A long-lost, tiny species of early human has been discovered in a cave in the Philippines. Josh King has the details
Humankind’s tangled shrub of ancestry now has a new branch: Researchers in the Philippines announced Wednesday that they have discovered a species of ancient human previously unknown to science.
The small-bodied hominin, named Homo luzonensis, lived on the island of Luzon at least 50,000 to 67,000 years ago. The hominin—identified from a total of seven teeth and six small bones—hosts a patchwork of ancient and more advanced features. The landmark discovery, announced in Nature on Wednesday, makes Luzon the third Southeast Asian island in the last 15 years to bear signs of unexpectedly ancient human activity.
“For a long, long time, the Philippine islands [have] been more or less left [out],” says study coauthor and project leader Armand Mijares, an archaeologist at the University of the Philippines Diliman and a National Geographic grantee. But H. luzonensis flips the script, and it continues to challenge the outdated idea that the human line neatly progressed from less advanced to more advanced species.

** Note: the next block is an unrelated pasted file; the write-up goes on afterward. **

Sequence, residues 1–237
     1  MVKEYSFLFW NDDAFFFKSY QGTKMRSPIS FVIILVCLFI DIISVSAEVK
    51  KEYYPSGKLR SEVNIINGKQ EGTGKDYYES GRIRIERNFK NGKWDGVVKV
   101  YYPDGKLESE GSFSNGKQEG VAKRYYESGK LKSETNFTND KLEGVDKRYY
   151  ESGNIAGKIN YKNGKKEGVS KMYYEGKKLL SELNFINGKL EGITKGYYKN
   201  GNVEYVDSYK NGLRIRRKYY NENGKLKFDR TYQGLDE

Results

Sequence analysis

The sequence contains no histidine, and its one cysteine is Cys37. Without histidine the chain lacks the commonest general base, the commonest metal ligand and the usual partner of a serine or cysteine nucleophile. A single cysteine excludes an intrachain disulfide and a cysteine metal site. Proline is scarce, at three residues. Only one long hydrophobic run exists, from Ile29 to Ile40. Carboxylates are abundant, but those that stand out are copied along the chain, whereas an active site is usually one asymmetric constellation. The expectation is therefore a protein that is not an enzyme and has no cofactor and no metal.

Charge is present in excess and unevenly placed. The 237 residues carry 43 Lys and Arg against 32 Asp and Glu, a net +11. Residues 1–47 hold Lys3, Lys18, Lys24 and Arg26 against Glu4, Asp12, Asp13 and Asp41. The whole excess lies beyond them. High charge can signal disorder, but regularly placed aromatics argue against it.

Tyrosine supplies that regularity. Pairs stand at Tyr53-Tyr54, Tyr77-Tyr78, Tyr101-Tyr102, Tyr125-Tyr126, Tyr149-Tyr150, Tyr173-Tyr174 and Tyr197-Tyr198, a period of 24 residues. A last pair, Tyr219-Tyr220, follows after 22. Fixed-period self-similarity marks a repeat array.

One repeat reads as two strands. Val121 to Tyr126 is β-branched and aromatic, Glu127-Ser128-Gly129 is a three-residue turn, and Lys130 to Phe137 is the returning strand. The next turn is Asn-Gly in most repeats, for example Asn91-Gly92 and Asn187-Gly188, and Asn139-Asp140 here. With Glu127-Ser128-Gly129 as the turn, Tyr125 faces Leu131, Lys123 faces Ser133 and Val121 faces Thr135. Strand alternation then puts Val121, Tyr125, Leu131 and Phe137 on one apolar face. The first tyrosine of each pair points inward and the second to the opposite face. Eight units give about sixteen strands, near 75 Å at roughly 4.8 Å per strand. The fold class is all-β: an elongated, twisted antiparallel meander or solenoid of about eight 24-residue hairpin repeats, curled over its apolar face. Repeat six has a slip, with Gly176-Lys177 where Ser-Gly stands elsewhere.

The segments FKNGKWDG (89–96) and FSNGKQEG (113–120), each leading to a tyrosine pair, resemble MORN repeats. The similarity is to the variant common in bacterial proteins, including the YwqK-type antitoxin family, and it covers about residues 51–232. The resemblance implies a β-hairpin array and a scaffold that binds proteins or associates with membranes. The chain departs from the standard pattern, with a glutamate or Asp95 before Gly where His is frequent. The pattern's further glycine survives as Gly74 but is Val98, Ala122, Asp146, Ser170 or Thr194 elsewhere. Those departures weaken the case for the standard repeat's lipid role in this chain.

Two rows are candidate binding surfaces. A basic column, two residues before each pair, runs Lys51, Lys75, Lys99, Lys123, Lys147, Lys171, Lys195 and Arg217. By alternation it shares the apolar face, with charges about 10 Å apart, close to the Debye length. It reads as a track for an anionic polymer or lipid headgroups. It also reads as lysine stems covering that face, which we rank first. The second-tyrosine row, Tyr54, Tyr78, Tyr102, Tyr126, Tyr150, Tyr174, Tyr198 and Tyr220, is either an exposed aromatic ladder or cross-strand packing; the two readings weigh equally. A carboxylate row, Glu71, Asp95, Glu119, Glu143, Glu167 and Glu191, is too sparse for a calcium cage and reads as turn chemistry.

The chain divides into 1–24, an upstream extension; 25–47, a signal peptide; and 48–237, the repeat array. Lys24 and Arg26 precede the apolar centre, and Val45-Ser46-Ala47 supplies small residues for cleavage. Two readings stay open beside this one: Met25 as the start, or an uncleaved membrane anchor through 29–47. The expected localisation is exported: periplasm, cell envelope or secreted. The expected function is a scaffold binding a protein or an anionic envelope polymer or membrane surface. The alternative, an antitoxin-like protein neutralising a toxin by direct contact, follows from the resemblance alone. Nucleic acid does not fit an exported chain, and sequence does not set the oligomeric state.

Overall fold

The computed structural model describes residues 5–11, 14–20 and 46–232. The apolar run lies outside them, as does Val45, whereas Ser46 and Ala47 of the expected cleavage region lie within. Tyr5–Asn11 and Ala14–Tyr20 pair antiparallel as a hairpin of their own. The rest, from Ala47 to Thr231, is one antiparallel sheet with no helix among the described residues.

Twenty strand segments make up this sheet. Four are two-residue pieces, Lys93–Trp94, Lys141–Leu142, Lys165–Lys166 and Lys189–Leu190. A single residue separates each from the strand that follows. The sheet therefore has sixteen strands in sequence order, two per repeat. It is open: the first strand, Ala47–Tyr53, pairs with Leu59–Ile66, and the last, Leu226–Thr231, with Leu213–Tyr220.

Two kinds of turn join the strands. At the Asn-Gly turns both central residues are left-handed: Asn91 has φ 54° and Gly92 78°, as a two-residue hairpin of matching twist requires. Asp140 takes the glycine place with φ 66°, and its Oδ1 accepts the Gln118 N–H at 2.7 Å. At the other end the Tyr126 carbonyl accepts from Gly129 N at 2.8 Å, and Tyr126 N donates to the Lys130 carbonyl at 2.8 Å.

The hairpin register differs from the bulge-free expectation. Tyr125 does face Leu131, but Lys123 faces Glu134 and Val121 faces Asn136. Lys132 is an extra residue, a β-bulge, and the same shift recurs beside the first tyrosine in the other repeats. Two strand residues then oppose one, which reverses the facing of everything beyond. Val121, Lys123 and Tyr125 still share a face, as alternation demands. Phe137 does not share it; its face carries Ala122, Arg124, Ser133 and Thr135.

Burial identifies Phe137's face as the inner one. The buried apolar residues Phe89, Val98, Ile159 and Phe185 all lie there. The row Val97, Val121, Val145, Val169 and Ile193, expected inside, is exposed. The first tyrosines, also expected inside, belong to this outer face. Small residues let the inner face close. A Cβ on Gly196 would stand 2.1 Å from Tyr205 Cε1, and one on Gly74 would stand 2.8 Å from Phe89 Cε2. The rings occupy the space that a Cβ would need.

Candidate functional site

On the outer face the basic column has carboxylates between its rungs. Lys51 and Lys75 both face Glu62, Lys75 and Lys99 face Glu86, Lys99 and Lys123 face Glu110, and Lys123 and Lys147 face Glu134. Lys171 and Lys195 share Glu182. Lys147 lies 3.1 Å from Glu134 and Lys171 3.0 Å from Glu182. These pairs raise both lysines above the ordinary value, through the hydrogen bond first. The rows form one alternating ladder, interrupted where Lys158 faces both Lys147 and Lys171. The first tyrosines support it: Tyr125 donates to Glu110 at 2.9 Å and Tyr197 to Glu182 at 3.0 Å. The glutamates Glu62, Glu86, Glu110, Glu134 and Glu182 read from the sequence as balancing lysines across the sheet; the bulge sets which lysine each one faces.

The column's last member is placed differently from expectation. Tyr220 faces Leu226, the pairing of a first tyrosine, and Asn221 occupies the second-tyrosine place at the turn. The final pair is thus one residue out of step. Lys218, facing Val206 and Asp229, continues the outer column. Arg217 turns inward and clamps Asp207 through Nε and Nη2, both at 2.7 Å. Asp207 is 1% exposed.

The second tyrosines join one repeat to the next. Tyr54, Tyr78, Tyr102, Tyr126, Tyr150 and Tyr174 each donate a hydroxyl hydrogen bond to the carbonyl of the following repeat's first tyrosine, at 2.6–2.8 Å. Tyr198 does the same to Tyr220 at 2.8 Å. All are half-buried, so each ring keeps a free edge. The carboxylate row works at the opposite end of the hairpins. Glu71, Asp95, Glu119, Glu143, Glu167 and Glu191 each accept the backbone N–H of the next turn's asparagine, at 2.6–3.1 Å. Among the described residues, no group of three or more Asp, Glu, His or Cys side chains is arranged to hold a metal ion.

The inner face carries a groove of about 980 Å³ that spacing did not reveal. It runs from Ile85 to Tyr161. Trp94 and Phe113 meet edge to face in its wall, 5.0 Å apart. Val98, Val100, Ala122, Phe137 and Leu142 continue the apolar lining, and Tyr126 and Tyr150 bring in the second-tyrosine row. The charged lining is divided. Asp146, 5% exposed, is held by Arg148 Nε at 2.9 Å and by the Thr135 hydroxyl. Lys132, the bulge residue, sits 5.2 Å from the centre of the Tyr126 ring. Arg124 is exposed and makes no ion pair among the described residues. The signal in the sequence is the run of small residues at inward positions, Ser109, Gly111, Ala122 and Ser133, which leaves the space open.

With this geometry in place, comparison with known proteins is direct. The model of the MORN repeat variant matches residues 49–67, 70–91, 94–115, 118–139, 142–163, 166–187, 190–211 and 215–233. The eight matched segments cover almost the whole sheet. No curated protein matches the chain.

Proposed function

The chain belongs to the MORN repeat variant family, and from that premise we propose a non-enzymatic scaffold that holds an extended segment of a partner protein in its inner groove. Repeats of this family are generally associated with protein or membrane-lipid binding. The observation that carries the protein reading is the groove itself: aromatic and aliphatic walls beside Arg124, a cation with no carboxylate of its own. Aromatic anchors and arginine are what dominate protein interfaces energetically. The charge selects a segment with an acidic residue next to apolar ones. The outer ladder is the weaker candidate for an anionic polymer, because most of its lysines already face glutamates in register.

The story of human evolution began about seven million years ago, when the lineages that lead toHomo sapiens and chimpanzees separated. Learn about the early human species that belong in our family tree and how the natural selection of certain physical and behavioral traits defined what it means to be human.